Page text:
Vous êtes sur la page 1sur 8

The Official Publication of the Cleaning Industry Trainers Guild

November 2014 l Issue 70

ANSI Upholds Simon Institute Accreditation,

Denies APPA/ISSA Appeal
The American National Standards
Institute (ANSI) has ruled in favor of
Simon Institute on the APPA/ISSA
appeal of SIs status as an ANSI-Accredited Standards Developer. The
joint appeal was focused on ANSIs
Executive Standards Council decision
to accredit SI as a standards developer.

University of
Institute as
an Accredited

(Continued on Page 2)

APPA, ISSA and Simon Institute presented their cases to the ANSI Executive Standards Council (ExSC) during a hearing at ANSI headquarters
in Washington, DC, on September
10, 2014. The ExSC issued its ruling
on September 14th, citing that Simon
Institutes operating procedures are in

alignment with ANSIs Essential Requirements. Simon Institute is bound

by these procedures when developing
American National Standards within
its scope of activity
The process to create voluntary
standards is guided by principles of
consensus, due process and openness.
An essential element of the ANSI
standards-setting process is the appeals procedure, which affords the
right to appeal by individuals or entities who may feel that they are affected by any action or inaction within a
given standard development process.
ANSIs appeals process is a very important part of the development of
standards, says Jim Ginnaty, Chair of
Simon Institutes standards activities.
It is an important part of standards
development as it provides a forum to
review procedural concerns, provides
process improvement suggestions
and ensures a fair process.
The Simon Institute is working to
develop standards for the janitorial,
custodial and housekeeping industry.
To read the ANSI ruling or for more
information about standards visit
Page 1

The Official Publication of the Cleaning Industry Trainers Guild

November 2014 l Issue 70

Cleaning Industry Trainers

Guild Leadership Group
Joseph Garcia
Vice President
Mary Clark
Michigan State University
2nd Vice President
Guido Piccarolo
Los Angeles Habilitation House
Communication Director
& Editor-in-Chief
Chris Wallace
Service Point

Julian Castillo
The University of Texas at Austin
Melody Hartford
Rappahannock Goodwill Industries
Nick Pangaro
Project Consultant at USPS
Chris Romero
Sandia National Labs
Matthew Lawrence
Wake Forest University
Anna Tobias
University of Michigan
Mark Samios
Cleaning Alliance Representative

Editor-in-Chief: Chris Wallace

Publisher: Clark Kidman
The Cleaning Gazette is the official publication of the Cleaning Industry Trainers Guild.
The Cleaning Gazette is published monthly to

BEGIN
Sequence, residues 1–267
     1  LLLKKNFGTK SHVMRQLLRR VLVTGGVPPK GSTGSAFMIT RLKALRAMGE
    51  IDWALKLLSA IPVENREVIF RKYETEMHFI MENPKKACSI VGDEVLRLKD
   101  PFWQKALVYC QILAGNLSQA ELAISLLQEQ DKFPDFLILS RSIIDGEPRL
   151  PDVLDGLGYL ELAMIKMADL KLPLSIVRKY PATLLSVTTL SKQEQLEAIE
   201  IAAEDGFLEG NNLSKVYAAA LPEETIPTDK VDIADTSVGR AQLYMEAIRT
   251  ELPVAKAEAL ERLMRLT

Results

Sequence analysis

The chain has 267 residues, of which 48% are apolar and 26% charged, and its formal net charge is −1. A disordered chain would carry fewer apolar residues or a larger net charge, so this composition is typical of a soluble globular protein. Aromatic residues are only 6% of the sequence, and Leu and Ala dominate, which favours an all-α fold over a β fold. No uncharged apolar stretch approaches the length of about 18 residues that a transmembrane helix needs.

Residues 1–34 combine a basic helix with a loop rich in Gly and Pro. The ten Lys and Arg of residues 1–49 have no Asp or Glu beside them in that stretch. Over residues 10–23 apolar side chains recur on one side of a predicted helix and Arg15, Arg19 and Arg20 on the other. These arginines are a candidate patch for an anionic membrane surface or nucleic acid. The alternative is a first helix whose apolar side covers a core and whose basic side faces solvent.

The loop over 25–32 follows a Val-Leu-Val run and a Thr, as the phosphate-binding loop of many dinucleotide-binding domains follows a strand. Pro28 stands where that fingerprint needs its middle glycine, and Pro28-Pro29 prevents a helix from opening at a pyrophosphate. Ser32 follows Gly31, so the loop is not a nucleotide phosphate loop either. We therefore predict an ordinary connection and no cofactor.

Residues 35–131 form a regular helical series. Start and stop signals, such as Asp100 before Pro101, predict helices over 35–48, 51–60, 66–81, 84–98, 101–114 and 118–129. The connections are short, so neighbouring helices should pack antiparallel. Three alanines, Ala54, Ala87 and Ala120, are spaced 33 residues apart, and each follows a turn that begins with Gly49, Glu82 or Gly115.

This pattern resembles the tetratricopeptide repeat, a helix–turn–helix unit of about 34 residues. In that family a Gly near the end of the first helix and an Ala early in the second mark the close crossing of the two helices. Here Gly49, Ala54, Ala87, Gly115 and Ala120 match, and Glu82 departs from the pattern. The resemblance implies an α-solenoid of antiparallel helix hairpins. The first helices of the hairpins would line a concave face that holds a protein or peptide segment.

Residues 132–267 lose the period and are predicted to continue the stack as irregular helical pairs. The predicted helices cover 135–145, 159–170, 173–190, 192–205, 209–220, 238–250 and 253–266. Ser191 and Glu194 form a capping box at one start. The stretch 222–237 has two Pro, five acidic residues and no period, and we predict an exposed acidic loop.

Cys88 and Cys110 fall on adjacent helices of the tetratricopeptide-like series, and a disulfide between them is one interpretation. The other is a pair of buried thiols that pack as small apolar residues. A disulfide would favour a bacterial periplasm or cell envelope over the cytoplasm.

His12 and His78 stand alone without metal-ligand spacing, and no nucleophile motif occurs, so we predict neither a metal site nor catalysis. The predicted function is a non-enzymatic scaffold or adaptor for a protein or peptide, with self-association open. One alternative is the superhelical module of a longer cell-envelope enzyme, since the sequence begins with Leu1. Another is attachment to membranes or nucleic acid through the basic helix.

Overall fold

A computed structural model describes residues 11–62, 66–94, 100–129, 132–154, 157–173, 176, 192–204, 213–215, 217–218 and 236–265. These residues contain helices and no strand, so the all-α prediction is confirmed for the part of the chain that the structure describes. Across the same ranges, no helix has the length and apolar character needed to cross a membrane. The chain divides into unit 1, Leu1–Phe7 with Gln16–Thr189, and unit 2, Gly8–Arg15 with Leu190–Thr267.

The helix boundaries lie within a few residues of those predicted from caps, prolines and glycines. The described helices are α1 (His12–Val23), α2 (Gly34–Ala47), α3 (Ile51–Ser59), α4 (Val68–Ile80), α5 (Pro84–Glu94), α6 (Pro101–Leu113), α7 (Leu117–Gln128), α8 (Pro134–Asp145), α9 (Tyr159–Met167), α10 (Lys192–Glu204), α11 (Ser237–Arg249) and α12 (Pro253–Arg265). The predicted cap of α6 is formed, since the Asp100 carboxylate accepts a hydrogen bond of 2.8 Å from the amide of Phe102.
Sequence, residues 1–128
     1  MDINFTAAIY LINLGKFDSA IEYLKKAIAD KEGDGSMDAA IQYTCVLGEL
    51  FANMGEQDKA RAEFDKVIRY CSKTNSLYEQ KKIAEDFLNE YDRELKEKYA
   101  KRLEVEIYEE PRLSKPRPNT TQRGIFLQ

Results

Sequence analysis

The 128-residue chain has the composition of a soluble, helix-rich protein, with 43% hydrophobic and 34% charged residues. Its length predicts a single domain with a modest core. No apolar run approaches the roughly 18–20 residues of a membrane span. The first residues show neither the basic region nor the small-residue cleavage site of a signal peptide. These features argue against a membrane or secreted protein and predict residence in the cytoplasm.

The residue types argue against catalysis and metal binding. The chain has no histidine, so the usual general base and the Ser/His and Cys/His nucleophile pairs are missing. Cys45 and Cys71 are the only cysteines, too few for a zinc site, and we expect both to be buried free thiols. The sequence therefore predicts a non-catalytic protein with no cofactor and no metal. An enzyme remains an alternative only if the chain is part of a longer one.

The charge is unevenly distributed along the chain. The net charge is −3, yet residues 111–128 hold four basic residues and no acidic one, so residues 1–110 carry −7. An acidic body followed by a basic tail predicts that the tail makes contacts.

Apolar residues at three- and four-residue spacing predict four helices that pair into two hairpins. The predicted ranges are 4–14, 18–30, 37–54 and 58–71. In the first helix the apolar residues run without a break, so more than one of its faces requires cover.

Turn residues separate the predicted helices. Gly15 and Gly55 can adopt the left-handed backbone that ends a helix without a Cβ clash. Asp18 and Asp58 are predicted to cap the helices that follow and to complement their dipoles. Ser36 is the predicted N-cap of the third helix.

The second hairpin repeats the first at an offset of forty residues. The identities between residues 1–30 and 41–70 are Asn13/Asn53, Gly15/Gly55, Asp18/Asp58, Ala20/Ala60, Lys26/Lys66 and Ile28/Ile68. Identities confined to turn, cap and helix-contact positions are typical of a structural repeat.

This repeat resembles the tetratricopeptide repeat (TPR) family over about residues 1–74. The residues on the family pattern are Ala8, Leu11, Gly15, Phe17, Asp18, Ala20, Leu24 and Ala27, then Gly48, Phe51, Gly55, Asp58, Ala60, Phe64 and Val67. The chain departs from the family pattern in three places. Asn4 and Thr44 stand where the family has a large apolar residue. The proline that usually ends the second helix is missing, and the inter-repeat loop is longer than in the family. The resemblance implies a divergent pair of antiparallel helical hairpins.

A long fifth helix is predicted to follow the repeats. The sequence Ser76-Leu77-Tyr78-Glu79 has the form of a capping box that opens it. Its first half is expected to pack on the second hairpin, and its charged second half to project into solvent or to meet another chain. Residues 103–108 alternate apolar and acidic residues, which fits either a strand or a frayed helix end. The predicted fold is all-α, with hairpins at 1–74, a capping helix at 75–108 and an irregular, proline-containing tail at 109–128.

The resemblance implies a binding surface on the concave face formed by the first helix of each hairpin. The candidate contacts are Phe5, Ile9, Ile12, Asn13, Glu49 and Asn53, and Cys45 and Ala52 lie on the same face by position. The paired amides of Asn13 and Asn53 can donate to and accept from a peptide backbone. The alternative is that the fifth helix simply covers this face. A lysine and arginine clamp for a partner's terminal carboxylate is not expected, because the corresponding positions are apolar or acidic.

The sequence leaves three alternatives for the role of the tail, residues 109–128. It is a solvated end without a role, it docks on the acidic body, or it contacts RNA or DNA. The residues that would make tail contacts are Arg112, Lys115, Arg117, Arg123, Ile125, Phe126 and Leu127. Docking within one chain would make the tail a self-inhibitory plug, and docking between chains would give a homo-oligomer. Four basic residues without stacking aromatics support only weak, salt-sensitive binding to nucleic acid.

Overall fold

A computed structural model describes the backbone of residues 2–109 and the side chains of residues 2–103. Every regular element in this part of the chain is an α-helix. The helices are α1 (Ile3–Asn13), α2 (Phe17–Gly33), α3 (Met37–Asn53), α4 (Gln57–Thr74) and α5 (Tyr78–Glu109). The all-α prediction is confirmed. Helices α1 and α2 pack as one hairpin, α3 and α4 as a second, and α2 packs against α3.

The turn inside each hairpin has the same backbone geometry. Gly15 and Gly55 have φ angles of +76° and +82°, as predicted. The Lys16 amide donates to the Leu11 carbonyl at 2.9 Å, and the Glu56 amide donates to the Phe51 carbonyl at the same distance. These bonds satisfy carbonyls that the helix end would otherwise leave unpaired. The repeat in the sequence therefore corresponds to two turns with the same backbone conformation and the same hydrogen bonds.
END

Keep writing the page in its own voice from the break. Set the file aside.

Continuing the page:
promote the growth of professionalism in the
cleaning industry. For subscription information
contact via email jill@managemen.com

Page 2

University of
Institute as
an Accredited
(Continued from Cover)

The Official Publication of the Cleaning Industry Trainers Guild

November 2014 l Issue 70

Correct Dilution Essential for Optimal

Performance of Cleaning Products
Mark Samios
Chemical Manufacturers spend significant dollars to optimize the performance of their chemical products.
Cleaning products are designed to perform specific
types of cleaning tasks and
are designed to do so
at an optimal performance level. To
achieve that optimal performance
level it is essential to
dilute the product at
the manufacturers prescribed dilution ratio.
For example, most people want a stripper that
works fast and achieves
instant floor finish removal. To that
end, lets say they buy a product that the
manufacturer has tested and tweaked
to perform at the optimal performance
level when used at a 1 to 10 dilution ratio. The consumer then applies the logic
that if 1 to 10 is good, then 2 or even 5
parts stripper to 10 parts water will be
even better.
The truth is that it does not make it
better, but in fact actually reduces the
efficiency of the stripper since virtually
all strippers on the market today need
water to work. Strippers are designed by
manufacturers to perform at an optimal
level when correctly diluted with a given
amount of water that allows the chemical compounds in the strippers to break

the chemical bonds in the plastic floor

finish on the floor. Without the proper
amount of water, the performance is actually less efficient.
Disinfectants are perhaps the most
critical type of chemical used in housekeeping today that require proper dilution.
Germicidal Detergents and disinfectants are broadly
used in all aspects of
building cleaning. The EPA
rates disinfectants to ensure that
they kill specific types of pathogenic micro-organisms. Each disinfectant label carries the specific
kill capabilities that the EPA has
rated that specific disinfectant to
be capable of killing if used according to the manufacturers recommended
dilution and use directions.
With disinfectants there is a specific
reason for correctly diluting the product. If you under dilute, (use less disinfectant to the prescribed amount of water), then the disinfectant will not have

the same or perhaps any kill capability.

The Micro-organisms you are trying to
kill will not be affected. Even though the
surface may look clean, it will still be
contaminated and will remain a source
for the spread of disease.
If you add more disinfectant to the
chemical/water dilution ratio than the
manufacturer recommends, then the
cleaning solution you will be using will
have an equally disastrous effect.